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On the way back to Colorado from New Mexico we stopped at a cafe for breakfast and a bathroom break.  The bathroom was festooned with art, alot of it bad.  This sign was hanging next to the toilet.  I am of two minds about art theft.  On the one hand it really ticks me off as it’s hard enough to survive and scrape by living on the proceeds of one’s art, but hey, if someone liked it enough to steal it, it is kind of a complement.  Kind of.

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Another day another firing

Today was a marathon.  Taught in the morning, raku’d in the afternoon.  It was the last day of teaching my glass class.  Usually, we have a party and do no work, but this time it was only a 4-week course so I put out all the glass and let them rip.  They were like glass factories, I could hardly carry everything they assembled to my studio to fire.  I have a feeling I’m looking at about 4 or 5 loads.  By next Tuesday?  OMG, I hope so.  The good news is that the spoils from Sunday’s glass workshop have been fired, ground and delivered.  One item to tick off the list.

Meanwhile, I raku’d a Lola urn.  Lola was a very beautiful dog owned by Ann, who really really loved her.  She hired me to make an urn to contain her ashes, using some of them as bone ash to a glaze recipe, which just so happens to be Steve’s Blue Raku Patina, and that means, raku.  Ann gave me carte blanche to create an urn.  She sent me a picture of Lola and she told me to have fun because that was what Lola was all about.  I made an urn that was pretty representative of her head, but Ann wanted to go with one of my more classic wheel thrown urn shapes, so I did, so in this case she’s getting two.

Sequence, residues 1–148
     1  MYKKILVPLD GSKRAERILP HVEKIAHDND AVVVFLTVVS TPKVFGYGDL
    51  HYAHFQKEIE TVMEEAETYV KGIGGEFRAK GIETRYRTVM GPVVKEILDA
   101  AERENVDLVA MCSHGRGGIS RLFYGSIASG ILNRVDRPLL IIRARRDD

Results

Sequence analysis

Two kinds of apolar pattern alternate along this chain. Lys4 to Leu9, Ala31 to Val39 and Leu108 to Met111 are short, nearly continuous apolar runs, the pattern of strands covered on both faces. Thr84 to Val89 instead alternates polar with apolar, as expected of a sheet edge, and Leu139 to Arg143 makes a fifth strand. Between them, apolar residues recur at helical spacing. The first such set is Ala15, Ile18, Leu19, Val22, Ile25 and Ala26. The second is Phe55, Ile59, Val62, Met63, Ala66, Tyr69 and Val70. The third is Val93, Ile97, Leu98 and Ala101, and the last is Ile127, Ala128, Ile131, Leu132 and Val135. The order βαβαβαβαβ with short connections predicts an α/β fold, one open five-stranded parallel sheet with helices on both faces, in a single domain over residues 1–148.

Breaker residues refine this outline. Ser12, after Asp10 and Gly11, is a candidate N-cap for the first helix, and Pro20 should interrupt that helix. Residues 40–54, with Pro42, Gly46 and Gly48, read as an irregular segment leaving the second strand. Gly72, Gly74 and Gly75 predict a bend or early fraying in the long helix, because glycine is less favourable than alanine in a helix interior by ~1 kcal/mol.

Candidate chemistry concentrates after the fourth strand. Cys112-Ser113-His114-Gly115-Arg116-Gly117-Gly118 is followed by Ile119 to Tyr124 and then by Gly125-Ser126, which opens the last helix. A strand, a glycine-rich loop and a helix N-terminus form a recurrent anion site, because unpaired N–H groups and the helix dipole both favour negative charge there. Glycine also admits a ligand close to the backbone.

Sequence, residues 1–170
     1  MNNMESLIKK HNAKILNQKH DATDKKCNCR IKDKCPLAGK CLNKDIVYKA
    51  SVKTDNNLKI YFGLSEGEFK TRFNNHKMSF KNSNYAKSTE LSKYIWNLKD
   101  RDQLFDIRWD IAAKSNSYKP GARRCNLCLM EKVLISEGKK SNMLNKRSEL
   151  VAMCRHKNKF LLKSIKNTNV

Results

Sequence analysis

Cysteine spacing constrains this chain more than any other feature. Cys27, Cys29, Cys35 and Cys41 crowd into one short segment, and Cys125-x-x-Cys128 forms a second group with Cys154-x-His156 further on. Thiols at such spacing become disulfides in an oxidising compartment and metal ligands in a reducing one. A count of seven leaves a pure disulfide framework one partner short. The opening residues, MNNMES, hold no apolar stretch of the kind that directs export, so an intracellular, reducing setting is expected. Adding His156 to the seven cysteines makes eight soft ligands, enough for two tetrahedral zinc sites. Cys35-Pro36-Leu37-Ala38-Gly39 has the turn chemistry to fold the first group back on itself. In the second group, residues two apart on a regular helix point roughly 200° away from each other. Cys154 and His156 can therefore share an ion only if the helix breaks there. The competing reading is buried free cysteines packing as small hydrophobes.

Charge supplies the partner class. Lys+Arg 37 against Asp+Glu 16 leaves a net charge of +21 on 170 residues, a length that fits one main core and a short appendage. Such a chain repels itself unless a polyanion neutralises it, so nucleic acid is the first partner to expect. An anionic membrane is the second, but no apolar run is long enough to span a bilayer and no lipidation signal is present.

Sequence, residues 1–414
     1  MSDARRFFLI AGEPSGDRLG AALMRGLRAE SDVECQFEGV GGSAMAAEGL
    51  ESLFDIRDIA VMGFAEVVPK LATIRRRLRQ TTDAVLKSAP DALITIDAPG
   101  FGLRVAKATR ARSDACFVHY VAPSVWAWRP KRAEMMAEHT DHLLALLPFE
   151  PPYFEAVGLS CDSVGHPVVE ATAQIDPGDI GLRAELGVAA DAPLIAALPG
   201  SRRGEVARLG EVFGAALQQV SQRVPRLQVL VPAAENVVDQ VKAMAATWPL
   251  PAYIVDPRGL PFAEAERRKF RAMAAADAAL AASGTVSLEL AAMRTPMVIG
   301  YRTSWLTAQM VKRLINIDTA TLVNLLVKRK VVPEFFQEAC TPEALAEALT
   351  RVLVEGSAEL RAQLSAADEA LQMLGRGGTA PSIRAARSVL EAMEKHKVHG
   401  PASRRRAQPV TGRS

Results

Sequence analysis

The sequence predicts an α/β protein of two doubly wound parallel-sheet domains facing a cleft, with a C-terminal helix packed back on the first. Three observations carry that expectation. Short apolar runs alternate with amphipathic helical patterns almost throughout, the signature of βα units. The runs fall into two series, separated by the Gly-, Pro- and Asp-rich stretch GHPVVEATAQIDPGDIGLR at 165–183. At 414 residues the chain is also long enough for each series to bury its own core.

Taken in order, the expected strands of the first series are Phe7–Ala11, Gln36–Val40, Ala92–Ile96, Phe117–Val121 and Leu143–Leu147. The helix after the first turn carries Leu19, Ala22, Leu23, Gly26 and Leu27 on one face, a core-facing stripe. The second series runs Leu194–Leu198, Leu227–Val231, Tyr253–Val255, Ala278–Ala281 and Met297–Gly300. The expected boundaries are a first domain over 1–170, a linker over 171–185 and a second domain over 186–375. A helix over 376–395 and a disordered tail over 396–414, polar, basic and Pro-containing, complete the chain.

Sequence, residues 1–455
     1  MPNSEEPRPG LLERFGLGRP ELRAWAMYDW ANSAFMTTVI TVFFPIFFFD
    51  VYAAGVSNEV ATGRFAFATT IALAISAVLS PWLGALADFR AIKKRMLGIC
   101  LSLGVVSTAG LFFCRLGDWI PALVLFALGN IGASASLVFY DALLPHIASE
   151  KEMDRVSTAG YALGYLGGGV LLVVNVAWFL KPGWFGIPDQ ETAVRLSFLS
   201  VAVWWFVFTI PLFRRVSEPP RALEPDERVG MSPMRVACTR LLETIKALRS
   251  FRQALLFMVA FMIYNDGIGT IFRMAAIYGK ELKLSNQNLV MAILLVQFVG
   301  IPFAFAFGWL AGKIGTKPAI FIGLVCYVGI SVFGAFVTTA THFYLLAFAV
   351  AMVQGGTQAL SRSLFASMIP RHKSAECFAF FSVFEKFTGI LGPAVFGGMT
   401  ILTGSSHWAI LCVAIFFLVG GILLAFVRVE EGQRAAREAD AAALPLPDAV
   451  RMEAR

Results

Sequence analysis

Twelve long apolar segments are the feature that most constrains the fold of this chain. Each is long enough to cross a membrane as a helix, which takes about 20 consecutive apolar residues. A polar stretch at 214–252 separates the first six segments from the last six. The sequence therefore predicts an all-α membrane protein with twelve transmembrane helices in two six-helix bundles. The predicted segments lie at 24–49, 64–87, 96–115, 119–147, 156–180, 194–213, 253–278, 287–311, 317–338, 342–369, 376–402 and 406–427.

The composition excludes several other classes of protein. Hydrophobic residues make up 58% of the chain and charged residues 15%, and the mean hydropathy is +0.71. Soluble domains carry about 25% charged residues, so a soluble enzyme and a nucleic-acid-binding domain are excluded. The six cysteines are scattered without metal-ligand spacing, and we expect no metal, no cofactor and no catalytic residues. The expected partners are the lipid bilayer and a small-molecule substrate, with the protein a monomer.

I dragged trusty Beato outside and set her up and turned her on before I left for school, then come 4:45 it was ready to pull.  Beato is great because I can do just one urn and a lid and be done and cleaned up by dinner time.  Everything went really well except the lid touched the urn body in the reduction can and they stuck together.  THANK GOD I was able to separate them without any breakage.  PHEW.  Oh and did I mention it was forecast to storm the same time I was supposed to pull?  But all went very well!

I dragged Beato back in the minute she was cool enough  and now she’s got the “head” urn inside for a fast cone 06 commercial glaze fire. What a wonderful little work horse. May the force be with us!  Tomorrow is a glass day in Elmo, the Skutt  1027  and probably the next, and the next and the next…)  such is life as a kiln wrangler in the kiln rodeo!  I’m really really tired, a tad sore and a bit smelly, but whenever it got hard I remembered that when I was tearing my hair out at my desk job in NYC or on the table having surgery or getting radiation treatments when I had cancer, what kept me going was that someday I’d have days like this.  FABULOUS!

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The human kiln sitter

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Doing the devil dance

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Target temperature, ready to pull

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Into the reduction can

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Don’t drop the lid!

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Adding paper

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First “burp”

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Second “burp”

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Lid and urn fused together in the reduction can

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Carefully separating them while still hot

 

 

 

 

 

 

 

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Spraying with water to bring out the colors

 

 

 

 

 

 

 

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Ready to be dunked

 

 

 

 

 

 

 

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Cooling in the water bucket